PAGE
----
The Roman Catholic Church called anyone that disagreed with them a heretic.
There are “churchies” in contrast to those that attempt to pursue the Truth and “Blessings from the Beginning” so eloquently REVEALED and . . . RE-established by JC, by simply availing Oneself to the needs of those other REPENTANTS in GREATER “need” than One’s existing/current physical situation. The “Remnants” are gathering as the “Quickening” accelerates in this relative time construct. Truly an exciting time to [still] be “alive”, but cognizant of being “a little closer to Home” each day when considering the unbelievable calamity coming – especially to the UNproductive/parasitic “coasters/citYzens,urbies”, subsidized/trusters/entitleds, financial investors/traders, SJWs/academic cry-bullies, gov-agent regulators/SELECTIVE enforcement thugs.
Apologies for a weak plea
What got me interested in the role of emotion in speech was observing my own gut reactions to religious statements, mirrored by the same reactions in others.
Some statements are neutral:
“Connect the red wire to post A”
Others elicit an immediate response in all caps!
This is a long discussion to not have used the word “epistemology.” How do we know what we know? I’m a Christian who works to separate justified belief from untenable opinion, but sadly, very few Christians bother with the arduous work of thoughtful apologetics. “Just believe!” they say. Herein lies the weakness of American Christianity. The Church has done a horrible job over the last 200 years in defending (and expounding upon) the knowledge of God. “My people perish for lack of knowledge.” This is why I hold the Church responsible for our deteriorating culture; now everyone is their own (blind & ignorant) shepherd … they damn the wolves as the wolves rip them to shreds.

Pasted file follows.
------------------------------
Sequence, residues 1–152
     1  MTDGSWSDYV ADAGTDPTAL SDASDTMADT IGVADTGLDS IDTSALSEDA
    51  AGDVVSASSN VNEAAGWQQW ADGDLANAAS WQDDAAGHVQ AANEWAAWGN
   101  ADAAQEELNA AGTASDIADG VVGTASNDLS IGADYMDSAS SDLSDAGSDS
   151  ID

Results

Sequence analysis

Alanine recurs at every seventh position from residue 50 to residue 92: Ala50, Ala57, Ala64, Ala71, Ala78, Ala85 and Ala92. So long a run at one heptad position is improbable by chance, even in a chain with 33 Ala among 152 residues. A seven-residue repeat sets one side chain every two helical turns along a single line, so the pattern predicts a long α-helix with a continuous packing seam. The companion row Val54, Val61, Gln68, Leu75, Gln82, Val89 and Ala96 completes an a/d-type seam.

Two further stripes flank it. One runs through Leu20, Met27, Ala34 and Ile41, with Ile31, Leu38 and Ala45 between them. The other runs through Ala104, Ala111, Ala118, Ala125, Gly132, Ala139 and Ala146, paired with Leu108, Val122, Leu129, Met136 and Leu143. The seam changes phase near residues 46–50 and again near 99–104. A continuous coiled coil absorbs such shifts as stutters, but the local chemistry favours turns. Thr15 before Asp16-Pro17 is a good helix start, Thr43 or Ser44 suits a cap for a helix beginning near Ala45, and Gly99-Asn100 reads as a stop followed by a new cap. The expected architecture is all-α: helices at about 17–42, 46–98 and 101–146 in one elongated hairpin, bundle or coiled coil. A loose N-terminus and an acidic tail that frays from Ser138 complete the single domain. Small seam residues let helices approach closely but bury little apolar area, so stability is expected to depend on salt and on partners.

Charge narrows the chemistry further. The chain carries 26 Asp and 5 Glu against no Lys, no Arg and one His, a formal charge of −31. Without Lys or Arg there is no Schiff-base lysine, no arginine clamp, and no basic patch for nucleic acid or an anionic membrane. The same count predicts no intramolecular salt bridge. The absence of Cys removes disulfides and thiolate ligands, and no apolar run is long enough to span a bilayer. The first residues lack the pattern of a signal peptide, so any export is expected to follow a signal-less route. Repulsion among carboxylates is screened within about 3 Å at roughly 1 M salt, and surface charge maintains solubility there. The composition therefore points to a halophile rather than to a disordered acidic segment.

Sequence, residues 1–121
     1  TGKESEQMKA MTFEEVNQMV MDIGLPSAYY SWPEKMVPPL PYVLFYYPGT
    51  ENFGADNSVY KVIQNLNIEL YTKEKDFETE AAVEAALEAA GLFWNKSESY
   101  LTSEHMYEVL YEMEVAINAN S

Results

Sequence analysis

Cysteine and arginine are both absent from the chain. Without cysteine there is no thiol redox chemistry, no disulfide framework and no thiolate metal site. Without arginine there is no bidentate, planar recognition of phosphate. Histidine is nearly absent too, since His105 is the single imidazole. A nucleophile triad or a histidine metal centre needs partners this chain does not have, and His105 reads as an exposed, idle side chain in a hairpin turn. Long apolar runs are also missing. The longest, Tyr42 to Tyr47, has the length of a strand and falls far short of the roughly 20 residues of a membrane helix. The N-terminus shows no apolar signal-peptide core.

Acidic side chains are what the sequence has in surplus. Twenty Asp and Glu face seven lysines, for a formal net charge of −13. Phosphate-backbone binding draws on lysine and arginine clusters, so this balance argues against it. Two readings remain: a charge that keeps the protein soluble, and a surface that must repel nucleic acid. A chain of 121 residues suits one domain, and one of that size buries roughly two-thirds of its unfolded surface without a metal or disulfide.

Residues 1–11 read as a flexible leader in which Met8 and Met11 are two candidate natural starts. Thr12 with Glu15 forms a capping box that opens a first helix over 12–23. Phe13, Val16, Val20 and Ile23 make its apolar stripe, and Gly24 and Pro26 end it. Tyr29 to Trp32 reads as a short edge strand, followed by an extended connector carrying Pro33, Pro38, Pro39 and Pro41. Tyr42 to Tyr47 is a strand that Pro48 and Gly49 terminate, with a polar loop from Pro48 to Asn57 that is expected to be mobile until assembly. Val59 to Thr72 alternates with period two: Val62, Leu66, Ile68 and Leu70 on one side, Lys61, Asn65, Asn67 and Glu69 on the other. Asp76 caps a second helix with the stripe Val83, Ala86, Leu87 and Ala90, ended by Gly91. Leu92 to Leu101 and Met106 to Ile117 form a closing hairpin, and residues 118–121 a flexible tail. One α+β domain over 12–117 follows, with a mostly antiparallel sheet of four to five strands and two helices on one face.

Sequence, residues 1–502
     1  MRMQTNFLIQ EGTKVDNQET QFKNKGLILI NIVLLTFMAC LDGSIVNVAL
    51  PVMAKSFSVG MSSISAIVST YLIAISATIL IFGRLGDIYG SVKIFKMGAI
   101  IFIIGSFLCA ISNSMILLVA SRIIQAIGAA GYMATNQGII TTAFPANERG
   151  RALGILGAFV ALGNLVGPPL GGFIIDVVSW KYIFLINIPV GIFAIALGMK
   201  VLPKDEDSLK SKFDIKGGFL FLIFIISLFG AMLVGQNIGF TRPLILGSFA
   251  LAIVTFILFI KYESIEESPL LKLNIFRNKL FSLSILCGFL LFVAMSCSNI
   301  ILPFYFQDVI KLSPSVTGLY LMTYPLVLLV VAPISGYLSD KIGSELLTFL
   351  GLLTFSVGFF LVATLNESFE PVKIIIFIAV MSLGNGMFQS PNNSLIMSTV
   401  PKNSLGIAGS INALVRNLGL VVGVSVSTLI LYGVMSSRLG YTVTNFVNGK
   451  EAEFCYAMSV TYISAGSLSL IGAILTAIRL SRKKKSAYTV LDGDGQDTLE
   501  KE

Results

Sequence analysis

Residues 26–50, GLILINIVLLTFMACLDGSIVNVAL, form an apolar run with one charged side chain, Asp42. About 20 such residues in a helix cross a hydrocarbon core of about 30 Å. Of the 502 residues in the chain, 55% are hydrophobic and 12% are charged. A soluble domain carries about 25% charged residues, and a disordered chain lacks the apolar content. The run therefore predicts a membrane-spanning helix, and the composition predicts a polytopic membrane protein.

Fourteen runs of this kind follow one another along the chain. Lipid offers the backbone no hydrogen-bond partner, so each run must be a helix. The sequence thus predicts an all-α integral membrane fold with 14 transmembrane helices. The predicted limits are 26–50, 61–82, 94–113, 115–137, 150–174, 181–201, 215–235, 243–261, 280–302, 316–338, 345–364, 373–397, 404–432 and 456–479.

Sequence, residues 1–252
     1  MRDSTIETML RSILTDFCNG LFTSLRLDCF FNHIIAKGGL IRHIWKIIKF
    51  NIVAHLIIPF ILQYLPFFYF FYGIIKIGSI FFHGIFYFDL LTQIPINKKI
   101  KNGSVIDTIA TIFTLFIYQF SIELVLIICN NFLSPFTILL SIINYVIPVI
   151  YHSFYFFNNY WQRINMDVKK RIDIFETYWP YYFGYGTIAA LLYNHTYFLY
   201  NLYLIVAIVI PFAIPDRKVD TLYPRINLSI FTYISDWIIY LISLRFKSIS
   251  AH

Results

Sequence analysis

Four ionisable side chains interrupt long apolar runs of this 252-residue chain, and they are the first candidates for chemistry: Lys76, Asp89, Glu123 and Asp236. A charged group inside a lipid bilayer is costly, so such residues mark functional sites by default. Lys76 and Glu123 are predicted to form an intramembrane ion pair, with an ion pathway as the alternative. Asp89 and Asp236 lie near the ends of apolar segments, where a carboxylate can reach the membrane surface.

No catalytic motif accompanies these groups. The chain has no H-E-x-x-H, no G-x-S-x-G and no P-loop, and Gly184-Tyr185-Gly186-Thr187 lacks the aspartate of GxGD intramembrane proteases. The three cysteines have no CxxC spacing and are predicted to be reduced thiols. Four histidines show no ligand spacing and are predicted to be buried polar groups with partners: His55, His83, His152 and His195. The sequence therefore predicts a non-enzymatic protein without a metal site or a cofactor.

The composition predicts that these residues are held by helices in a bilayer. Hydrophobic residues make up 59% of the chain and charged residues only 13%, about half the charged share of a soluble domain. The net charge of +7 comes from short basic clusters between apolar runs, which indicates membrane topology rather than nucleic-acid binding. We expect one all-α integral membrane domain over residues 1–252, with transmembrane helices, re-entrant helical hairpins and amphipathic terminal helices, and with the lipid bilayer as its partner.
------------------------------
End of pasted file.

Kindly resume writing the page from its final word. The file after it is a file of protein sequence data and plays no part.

“The Church has done a horrible job over the last 200 years…” Whenever someone says something like that, on any topic, you can be pretty sure that the product or idea was never that great to begin with. “If only we had better salesmen!”
That’s funny, Frip. But it’s pretty obvious that some people who have problems accepting Christianity do not have a correct understanding of its tenets. Their knowledge is just assumed. You have to wonder how much of that is swimming in misconceptions and how much is willful ignorance.
Kind of late to the party with this but I’m a fan of alternate history, a subgenre of scifi asking “what if history had taken a different direction?”
Back in the late 90s John Reilly wrote this essay, If Jesus Had Never Been Born. I think it does a good job detailing how much the West owes to Christianity.